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Trumpetfish Are Champions Of Hide And Sneak

3D models of a parrotfish and trumpetfish are pulled on a line across a sandy reef.
Sam Matchette|

Painted 3D models of a trumpetfish and parrotfish suspended from a nylon line.

When your body is shaped like a scallion, you can get away with a lot. Despite growing up to three feet long, a trumpetfish is hard to spot amid the chaotic splendor of a coral reef. This stealth is ideal for a trumpetfish and bad news for its prey, the smaller fish and invertebrates hoovered into its flared mouth. Sometimes, trumpetfish will hover upside-down in an aquatic equivalent of a handstand until a meal swims by below. But trumpetfish have another strategy to conceal themselves from their prey, a strategy that is so deceptively simple that it probably doesn't even really count as camouflage: hiding behind a bigger, less-threatening fish.

The twig-like trumpetfish swims alongside its host, which might be a large fish like a parrotfish, an herbivore that poses no threat to the trumpetfish's fishy prey, or sometimes a whole shoal of sergeant majors or goatfish. This shadowing behavior has been observed by divers throughout the Caribbean. Coral reef ecologists "have long suspected that this enables them to 'sneak up' on prey," Paul Sikkel, a marine ecologist at the University of Miami who was not involved with the research, wrote in an email.

A trumpetfish shadowing a parrotfish. Credit: Sam Matchette

Sam Matchette, a marine behavioral ecologist at the University of Cambridge, read about shadowing in countless guidebooks and dive blogs. "We were just absolutely taken by this idea that they could be using other animals for concealment," he said. "But no one had tested it. We thought, well, let's do it. Let's be those people." Their test, which hinged on hand-painted fish puppets, was published this week in the journal Current Biology.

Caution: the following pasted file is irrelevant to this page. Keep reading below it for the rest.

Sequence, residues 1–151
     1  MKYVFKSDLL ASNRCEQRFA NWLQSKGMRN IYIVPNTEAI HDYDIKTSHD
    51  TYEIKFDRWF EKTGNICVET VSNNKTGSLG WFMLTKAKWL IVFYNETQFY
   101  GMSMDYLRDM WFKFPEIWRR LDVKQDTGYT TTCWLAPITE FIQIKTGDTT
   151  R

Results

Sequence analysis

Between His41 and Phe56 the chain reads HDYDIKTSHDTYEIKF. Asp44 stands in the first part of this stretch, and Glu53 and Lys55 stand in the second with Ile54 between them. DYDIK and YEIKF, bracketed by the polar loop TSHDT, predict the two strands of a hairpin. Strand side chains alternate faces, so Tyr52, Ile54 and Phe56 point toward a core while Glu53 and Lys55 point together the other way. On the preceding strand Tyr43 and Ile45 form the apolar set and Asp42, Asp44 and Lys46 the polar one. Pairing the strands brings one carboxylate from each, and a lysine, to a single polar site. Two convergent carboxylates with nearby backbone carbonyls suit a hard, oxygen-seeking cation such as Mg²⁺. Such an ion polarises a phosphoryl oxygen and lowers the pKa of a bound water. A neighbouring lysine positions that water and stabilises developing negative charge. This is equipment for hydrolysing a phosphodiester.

Matchette knew he wanted to test this hypothesis in the field, where fish are more likely to do their regular thing. The fish in question were the trumpetfish's usual prey—small bicolor damselfish that school around specific structures in coral reefs that offer shelter. The researchers would simulate a trumpetfish swimming over a damselfish colony, then a parrotfish, and then the two together, by dragging models of the fish along a nylon pulley.

A gif of damselfish fleeing from a fake trumpetfish
The real damselfish dashed away from the fake trumpetfish. Credit: Sam Matchette

They printed 3D models of the fish, hollowed out and weighted. And then, to ensure the damselfish would be duped, a flourish of artistry. "I did feel a sort of Bob Ross moment coming on," Matchette said. "I was just sat in my conservatory at home painting fish as realistically as possible." Matchette painted the fish models for several weeks, using slight variations in colors and patterns drawn from guidebooks. The trumpetfish's coloration was less complex, but the stoplight parrotfish required an electric array of colors, straight off of a disposable Jazz cup.

In March 2022, Matchette and colleagues arrived in Curaçao to fool some fish. But when they tested the painted fish in a sand flat, the puppets refused to cooperate. The models were supposed to be neutrally buoyant to mimic living fish, but for the first week the models switched between bobbing along the surface or dive-bombing into the sand. "Under the water you can't curse or anything because no one can hear you," he said. "So I was just very angrily gesticulating towards myself and my dive buddy Chris," he said, referring to his co-author Christian Drerup, a graduate student at Cambridge. The researchers ended up having to break apart Matchette's meticulously painted models and drill holes to flood the inner body.